Many ETFs now present unique approaches to stock and bond investing by tweaking popular and widely-followed benchmarks. The very first ETF, the S&P 500 SPDR (SPY), remains by far the largest U.S.-listed ETF, reflecting investor familiarity with the underlying benchmark, but there are now approximately 30 other issuers now competing for a slice of this still-growing pie. Words: 789
In further edited excerpts from the original article* Michael Johnston (www.etfdb.com) profiles nine such ETFs and ETNs that put a unique twist on S&P investing:
1. RevenueShares Large Cap ETF (RWL):
– comprised of the same securities as the S&P 500, but ranks each component by top line revenue, not market capitalization, when determining the weighting given to each. As such, RWL will generally overweight stocks with low price-to-revenue multiples and underweight stocks with high price-to-revenue multiples.
– management expense ratio (MER) of 0.49%.
2. WisdomTree Earnings 500 Fund (EPS):
– tracks the WisdomTree Earnings 500 Index which measures the 500 largest market capitalization companies that have generated positive earnings in the past four fiscal quarters. The companies are weighted based upon “core earnings,” a calculation of earnings that includes expenses, income, and activities that reflect the actual profitability of a company’s operations.
– MER of 0.28%.
3. First Trust Large Cap Core AlphaDEX (FEX):
– tracks the “enhanced” Defined Large Cap Core Index. This benchmark is constructed by ranking S&P 500 stocks on a series of growth and value factors, such as price appreciation, sales-to-price, and cash flow-to-price. Stocks receiving the highest weighting are included in the index, with bigger weightings given to the top-ranked equities.
– MER of 0.70%
4. PowerShares Dynamic Large Cap Portfolio (PJF):
– tracks the performance of another enhanced benchmark, the Dynamic Large Cap Intellidex Index which includes stocks, in a certain market segment, that have the greatest potential for financial growth. The benchmark analyzes potential component stocks by calculating unique financial characteristics from four broad financial perspectives: fundamental, valuation, timeliness and risk.
– MER of 0.60%.
5. ALPS Equal Sector Weight ETF (EQL):
– offers exposure to the domestic large cap equity market but, unlike SPY, it gives equal exposure to each sector of the economy, investing in equal proportions in all nine of the Select Sector SPDRs. This gives the fund the advantages of diversification, the opportunity to participate in a market rally, and potentially lower exposure to overvalued corners of the market.
– MER of 0.55%
6. Rydex S&P Equal Weight ETF (RSP):
– follows the performance of the S&P Equal Weight Index, a benchmark that includes all constituents of the S&P 500. As its name suggests, RSP gives an equal weighting to each component, meaning that upon rebalancing all of the 500 stocks in the S&P 500 are given an equal weight of 0.2%. For investors who dislike the tendency of cap weighted benchmarks to overweight overvalued stocks, RSP offers a price blind alternative for large cap exposure.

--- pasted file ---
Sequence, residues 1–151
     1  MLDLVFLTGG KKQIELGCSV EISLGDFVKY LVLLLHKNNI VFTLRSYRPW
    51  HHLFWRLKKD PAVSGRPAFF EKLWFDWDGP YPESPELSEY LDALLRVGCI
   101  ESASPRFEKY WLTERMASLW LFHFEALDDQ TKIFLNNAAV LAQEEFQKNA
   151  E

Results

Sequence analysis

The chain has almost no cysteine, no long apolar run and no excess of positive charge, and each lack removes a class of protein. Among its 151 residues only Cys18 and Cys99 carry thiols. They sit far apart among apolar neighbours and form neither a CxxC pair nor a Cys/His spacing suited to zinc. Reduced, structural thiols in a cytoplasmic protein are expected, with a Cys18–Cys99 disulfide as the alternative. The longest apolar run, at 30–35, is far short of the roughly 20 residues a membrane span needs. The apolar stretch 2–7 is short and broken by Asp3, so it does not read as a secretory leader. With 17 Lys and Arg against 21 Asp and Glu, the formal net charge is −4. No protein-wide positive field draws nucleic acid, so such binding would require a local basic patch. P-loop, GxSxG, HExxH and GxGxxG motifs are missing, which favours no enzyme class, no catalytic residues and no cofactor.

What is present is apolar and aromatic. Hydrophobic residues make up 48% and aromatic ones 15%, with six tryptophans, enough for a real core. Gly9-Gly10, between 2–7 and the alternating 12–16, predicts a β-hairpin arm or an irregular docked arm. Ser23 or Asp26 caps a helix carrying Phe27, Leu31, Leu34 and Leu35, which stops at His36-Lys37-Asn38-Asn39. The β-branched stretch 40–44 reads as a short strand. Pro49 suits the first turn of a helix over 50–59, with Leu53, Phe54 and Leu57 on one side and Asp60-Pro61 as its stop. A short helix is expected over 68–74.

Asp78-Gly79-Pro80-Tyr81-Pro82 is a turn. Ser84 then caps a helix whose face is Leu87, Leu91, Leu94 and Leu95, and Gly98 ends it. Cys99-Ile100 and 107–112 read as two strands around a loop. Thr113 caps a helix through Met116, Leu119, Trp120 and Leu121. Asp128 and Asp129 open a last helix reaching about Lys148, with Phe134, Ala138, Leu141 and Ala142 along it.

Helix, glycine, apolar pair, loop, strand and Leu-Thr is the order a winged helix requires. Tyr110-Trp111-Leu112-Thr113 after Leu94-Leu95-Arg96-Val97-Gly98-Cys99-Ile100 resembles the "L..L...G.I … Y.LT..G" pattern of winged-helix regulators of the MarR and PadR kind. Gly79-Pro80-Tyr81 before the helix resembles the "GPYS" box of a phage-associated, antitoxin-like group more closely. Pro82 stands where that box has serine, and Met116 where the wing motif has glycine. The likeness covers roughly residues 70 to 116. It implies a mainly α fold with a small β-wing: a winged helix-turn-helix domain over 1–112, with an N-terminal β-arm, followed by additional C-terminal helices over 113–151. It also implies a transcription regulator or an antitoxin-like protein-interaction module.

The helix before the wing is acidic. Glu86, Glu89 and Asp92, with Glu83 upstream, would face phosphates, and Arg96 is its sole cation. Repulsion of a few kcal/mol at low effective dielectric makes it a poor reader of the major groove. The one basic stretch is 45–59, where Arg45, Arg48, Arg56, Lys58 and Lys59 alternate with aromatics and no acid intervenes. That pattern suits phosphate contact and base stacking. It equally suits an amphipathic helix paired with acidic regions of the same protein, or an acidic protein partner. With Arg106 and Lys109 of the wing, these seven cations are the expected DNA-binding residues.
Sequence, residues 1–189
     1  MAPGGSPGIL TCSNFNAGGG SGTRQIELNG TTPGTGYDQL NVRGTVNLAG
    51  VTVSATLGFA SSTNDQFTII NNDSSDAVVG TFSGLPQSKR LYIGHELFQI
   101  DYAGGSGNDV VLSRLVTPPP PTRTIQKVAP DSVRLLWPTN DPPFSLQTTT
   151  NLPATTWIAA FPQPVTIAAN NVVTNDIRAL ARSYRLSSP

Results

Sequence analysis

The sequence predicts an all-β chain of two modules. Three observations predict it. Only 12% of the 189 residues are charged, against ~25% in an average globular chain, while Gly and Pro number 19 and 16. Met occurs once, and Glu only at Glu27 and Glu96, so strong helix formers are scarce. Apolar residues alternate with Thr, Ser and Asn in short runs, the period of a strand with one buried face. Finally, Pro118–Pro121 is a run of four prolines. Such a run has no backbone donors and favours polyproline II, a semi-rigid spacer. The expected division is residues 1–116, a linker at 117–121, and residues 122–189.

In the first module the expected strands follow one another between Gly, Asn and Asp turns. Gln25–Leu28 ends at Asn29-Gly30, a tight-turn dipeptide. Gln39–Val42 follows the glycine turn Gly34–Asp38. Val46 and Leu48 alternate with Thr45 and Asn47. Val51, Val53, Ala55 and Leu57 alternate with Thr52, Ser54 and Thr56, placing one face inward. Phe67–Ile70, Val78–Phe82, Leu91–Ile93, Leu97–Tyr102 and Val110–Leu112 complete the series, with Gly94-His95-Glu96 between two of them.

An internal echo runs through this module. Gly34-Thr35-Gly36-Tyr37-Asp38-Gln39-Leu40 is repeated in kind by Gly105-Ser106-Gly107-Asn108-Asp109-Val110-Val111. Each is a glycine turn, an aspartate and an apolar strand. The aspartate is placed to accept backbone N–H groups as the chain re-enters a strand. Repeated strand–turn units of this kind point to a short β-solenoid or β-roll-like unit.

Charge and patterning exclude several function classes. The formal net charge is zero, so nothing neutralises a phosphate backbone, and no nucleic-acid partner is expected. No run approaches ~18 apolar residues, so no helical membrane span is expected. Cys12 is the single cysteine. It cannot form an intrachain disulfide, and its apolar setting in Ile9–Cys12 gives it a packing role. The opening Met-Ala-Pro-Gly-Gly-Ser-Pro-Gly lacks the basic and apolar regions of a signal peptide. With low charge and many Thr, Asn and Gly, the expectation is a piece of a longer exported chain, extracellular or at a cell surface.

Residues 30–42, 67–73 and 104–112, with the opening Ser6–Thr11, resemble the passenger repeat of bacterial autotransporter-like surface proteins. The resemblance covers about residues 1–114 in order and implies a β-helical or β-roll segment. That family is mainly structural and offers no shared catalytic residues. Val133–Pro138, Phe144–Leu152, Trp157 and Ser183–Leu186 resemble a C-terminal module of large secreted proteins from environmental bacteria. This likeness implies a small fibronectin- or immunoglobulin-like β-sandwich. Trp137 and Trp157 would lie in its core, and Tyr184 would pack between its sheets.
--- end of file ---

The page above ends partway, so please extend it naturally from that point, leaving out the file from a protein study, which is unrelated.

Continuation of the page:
– MER of 0.40%
7. UBS E-TRACS S&P 500 Gold Hedged ETN (SPGH):
– measures the S&P 500 Gold Hedged Index, a benchmark that simulates the combined returns of investing equal dollar amounts in the S&P 500 Total Return Index and long positions in near-term exchange-traded COMEX gold futures contracts. As such, SPGH provides investors with a hedge against declines in the value of the U.S. dollar relative to gold bullion.
– MER of 0.85%
8. ProShares Credit Suisse 130/30 (CSM):
– tracks the Credit Suisse 130/30 Large-Cap Index, using a unique strategy by shorting the stocks predicted to perform poorly, and doubling down on those that are expected to outperform. For each stock in the universe, expected alpha scores are calculated to determine the position taken. A portfolio optimization process is used to ensure that the long/short portfolio maintains similar risk characteristics to the long-only large cap universe. The ETF’s name refers to the fact that the portfolio maintains 30% short exposure and 130% long exposure, resulting in a net 100% long position.
– MER of 0.95%
9. WisdomTree LargeCap Dividend Fund (DLN):
– follows the WisdomTree LargeCap Dividend Index, a fundamentally-weighted benchmark that measures the performance of the large-capitalization segment of the U.S. dividend-paying market. Allocations given to individual stocks are determined based on cash dividends paid. This methodology may create a bias towards value stocks, and concentrates exposure among the biggest dividend-paying firms..
– MER of 0.28%
*http://seekingalpha.com/article/200089-s-p-500-etfs-9-alternatives-to-spy?source=email (ETF Database provides news, analysis and offers a proprietary ETF Screener that allows investors to filter the universe of 900+ ETFs to find the right fund.)
– The above article consists of reformatted edited excerpts from the original for the sake of brevity, clarity and to ensure a fast and easy read. The author’s views and conclusions are unaltered.
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